Hasbro Cinematic Universe Writers Room Enlists Marvel Studios Writers and More!

Hasbro Cinematic Universe Writers Room Enlists Marvel Studios Writers

Hasbro Cinematic Universe writers room enlists Marvel Studios writers and more!

Development continues on the Hasbro Cinematic Universe at Paramount Pictures and the studio has officially announced the franchise’s writers room has taken shape with a number of notable writers.

Akiva Goldsman, who previously headed up the Transformers franchise writers room, will oversee the room which includes: Michael Chabon, Pulitzer Prize winner for The Amazing Adventures of Kavalier & Clay and screenwriter for Spider-Man 2 and John Carter; Brian K. Vaughan, Eisner award winning writer of comics Y: The Last Man and Saga; Nicole Perlman, co-writer of Guardians of the Galaxy and Captain Marvel; Cheo Coker, showrunner of Marvel’s Luke Cage; John Francis Daley and Jonathan Goldstein, directors of Vacation and writers of Spider-Man: Homecoming; Joe Robert Cole, Black Panther and American Crime Story: The People vs. OJ Simpson writer; Jeff Pinker, writer of The Amazing Spider-Man 2 and The Dark Tower; Lindsey Beer, a member of the Transformers writing room and screenwriter of Kingkiller Chronicle; Nicole Riegel, writer of Blacklist script Dogfight; and Geneva Robertson, one of the writers of the Tomb Raider reboot. Hasbro will also deploy in the room an unprecedented team of its top artists and designers to assist Goldsman and the writers to visualize this all-new cinematic universe.  

“Paramount and Hasbro have partnered on many successful films in the past, including the ‘Transformers’ and ‘G.I. Joe,’ franchises,” said Brad Grey, Chairman and CEO of Paramount Pictures. “Bringing together a writers room of this caliber is a bold step for our partnership, and one that we believe is critical for building these brands into new, successful franchises for the future.”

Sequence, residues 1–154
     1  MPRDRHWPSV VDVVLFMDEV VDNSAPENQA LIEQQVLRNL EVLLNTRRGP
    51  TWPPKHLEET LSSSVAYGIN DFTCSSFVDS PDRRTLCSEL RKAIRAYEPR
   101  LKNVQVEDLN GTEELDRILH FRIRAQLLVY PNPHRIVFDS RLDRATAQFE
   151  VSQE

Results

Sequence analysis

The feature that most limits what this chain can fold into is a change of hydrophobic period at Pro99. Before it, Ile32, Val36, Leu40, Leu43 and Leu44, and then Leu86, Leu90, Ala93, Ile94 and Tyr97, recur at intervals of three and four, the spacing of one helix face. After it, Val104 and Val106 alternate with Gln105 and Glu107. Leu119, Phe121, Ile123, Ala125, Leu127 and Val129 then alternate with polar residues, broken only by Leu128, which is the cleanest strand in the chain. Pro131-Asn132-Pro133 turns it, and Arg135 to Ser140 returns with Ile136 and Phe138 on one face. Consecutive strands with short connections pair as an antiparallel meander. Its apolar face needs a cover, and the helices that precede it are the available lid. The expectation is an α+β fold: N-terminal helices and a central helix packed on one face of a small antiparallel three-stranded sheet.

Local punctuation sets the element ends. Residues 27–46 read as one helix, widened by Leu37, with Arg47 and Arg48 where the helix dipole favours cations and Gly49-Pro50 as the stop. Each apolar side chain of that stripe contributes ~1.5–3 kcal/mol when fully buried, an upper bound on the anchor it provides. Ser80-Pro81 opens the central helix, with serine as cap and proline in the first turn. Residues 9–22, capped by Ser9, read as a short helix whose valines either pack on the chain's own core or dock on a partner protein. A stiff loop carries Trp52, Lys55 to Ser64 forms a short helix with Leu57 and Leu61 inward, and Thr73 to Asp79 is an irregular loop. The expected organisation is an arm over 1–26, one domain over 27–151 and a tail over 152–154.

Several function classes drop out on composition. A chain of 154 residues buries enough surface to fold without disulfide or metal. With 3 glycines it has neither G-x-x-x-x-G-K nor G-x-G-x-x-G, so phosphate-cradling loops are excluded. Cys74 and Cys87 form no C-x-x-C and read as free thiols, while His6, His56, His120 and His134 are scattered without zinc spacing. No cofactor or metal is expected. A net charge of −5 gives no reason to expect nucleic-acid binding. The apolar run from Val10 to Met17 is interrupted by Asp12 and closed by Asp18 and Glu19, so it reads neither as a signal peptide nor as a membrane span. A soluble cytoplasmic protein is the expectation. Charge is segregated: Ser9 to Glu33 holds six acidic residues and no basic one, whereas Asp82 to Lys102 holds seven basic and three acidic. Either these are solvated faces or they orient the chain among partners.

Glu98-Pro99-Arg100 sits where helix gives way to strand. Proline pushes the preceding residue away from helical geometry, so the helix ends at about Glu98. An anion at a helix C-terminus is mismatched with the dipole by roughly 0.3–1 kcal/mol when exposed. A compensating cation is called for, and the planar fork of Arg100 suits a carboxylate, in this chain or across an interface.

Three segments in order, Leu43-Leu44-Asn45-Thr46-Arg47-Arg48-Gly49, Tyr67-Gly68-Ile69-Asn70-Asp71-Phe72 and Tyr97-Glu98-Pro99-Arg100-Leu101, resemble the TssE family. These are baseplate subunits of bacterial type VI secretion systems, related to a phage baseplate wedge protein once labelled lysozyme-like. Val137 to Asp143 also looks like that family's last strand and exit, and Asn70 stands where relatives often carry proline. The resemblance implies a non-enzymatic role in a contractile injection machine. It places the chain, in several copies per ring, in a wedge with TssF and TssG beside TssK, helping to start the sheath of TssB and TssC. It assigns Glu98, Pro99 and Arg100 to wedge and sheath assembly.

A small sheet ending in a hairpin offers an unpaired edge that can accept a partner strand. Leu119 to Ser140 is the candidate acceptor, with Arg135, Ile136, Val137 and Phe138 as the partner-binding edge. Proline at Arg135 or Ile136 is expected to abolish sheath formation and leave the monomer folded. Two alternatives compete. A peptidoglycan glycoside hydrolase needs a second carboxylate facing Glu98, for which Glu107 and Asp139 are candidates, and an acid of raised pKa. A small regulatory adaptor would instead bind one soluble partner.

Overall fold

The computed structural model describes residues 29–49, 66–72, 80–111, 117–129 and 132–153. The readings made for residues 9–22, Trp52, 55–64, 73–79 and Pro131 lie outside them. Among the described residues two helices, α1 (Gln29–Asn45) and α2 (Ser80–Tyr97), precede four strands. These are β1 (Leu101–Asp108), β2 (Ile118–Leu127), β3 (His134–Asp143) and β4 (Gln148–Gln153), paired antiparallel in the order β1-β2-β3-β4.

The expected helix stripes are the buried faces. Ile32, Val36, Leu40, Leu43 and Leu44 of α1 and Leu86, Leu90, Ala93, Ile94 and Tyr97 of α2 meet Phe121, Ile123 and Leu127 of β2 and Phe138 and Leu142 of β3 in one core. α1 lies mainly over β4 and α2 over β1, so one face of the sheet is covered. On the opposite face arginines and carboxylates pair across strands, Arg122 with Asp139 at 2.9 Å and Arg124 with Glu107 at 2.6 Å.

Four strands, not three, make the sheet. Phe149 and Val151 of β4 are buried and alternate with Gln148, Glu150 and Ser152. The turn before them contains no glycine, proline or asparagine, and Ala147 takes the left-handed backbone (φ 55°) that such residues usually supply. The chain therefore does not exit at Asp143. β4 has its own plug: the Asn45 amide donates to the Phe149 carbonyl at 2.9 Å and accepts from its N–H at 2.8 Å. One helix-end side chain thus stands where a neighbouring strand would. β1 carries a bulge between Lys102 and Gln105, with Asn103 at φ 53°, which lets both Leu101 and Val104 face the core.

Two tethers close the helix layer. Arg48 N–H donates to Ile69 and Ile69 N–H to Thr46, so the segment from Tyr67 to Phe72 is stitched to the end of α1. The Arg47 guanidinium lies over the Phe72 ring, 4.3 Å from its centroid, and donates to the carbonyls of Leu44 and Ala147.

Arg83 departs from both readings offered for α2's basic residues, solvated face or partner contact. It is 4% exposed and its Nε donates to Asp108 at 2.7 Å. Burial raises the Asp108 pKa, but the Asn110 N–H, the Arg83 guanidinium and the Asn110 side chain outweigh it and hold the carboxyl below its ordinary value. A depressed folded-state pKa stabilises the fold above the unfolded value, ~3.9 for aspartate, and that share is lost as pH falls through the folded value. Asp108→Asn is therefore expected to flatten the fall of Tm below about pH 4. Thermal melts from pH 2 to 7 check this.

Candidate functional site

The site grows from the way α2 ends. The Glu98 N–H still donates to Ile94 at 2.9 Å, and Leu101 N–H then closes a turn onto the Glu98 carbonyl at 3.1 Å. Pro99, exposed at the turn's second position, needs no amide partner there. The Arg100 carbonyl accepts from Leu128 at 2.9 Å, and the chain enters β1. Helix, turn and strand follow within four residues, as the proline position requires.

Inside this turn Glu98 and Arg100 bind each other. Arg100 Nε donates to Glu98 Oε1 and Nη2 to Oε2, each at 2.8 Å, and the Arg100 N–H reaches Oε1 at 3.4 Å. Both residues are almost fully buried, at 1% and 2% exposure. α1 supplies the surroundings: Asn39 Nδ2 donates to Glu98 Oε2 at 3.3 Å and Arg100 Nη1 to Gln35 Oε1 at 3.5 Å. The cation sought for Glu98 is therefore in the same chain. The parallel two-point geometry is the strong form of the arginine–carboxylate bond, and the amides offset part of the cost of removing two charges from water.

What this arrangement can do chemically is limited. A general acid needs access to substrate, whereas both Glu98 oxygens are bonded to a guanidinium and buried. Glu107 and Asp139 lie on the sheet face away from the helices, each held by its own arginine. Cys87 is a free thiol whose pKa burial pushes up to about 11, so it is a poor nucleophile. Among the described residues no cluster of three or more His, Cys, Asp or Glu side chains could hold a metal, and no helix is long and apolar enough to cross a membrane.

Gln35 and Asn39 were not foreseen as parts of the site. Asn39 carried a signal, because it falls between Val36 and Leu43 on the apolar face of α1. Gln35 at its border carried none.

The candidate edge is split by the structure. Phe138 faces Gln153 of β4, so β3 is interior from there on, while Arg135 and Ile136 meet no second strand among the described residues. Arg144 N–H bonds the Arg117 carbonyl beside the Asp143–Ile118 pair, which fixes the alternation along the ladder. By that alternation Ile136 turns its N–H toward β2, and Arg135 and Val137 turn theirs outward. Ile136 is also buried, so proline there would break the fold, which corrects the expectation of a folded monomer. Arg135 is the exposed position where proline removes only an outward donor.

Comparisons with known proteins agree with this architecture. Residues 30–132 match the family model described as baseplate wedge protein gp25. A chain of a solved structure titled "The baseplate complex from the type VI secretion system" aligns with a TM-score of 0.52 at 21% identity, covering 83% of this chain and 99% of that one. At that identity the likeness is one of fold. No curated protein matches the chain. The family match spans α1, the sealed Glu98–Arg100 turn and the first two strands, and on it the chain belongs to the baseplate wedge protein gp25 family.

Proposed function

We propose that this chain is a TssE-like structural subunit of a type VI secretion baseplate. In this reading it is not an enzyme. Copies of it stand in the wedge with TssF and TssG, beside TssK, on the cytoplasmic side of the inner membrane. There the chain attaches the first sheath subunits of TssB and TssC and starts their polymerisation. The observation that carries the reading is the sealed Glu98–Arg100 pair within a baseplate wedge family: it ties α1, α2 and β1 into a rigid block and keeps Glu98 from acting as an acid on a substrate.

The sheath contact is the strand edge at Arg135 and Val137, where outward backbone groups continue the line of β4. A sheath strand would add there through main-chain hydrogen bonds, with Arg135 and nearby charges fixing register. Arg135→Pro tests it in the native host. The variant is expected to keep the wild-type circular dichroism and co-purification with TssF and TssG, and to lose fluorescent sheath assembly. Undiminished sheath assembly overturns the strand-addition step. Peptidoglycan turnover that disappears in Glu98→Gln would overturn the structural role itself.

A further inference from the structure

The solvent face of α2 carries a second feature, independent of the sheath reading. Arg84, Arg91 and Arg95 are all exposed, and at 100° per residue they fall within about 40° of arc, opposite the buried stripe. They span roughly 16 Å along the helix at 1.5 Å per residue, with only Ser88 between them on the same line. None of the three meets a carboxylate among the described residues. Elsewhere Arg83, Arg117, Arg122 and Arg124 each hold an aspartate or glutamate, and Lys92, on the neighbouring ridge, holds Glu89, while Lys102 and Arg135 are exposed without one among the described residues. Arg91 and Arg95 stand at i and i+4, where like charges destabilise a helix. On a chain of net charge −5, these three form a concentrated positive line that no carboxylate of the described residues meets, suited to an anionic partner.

“Together with Paramount, we have assembled a team of incredibly talented creative minds and storytellers to continue to help tell the rich history and narrative behind this interconnected cinematic universe, and we are thrilled to be working with Akiva Goldsman again to guide this process,” said Brian Goldner. “We are also excited to partner with Paramount to produce the films, as we’ve had a strong and collaborative partnership since our first Transformers movie in 2007.”

The franchises set to be the groundwork for the Hasbro Cinematic Universe are G.I. Joe, Micronauts, Visionaries, M.A.S.K. and ROM: SpaceKnight. Paramount and Allspark Pictures (Hasbro’s film label) will produce all of the films with the writer’s room set to convene for the first time on Monday.

While audiences are already familiar with “G.I. Joe” after the two moderately successful films, G.I. Joe: Rise of Cobra in 2009 followed by G.I. Joe: Retaliation in 2013, you might need a refresher on the others if you were born after 1990. “ROM” started as a robotic toy kit from Parker Brothers (now a Hasbro subsidiary) and achieved a cult popularity thanks to a Marvel comic book series about a human who volunteers to transform himself into a robotic spaceknight to defend the planet Galador from invading Dire Wraiths. “M.A.S.K.” (Mobile Armored Strike Kommand) was a Kenner product that spawned a one-season Saturday morning cartoon series about a special advanced task force that fights a criminal organization called V.E.N.O.M. (Vicious Evil Network of Mayhem). Another one-and-done animated series was based around “Visionaries: Knights of the Magical Light,” which also became an unsuccessful line of Hasbro action figures that had holograms on their chests and staffs to represent their supernatural magic abilities. The “Micronauts” toys were originally launched in Japan as “Microman” but were re-imagined for America by Mego toys and in a Marvel Comics series as subatomic-sized warriors.

There is no word on whether the long-term plan is to integrate this universe with the Transformers universe, of which three more films are already planned, or if there is potential to reboot failed cinematic Hasbro properties like Battleship or Jem and the Holograms, though if these initial characters translate well, the sky’s the limit.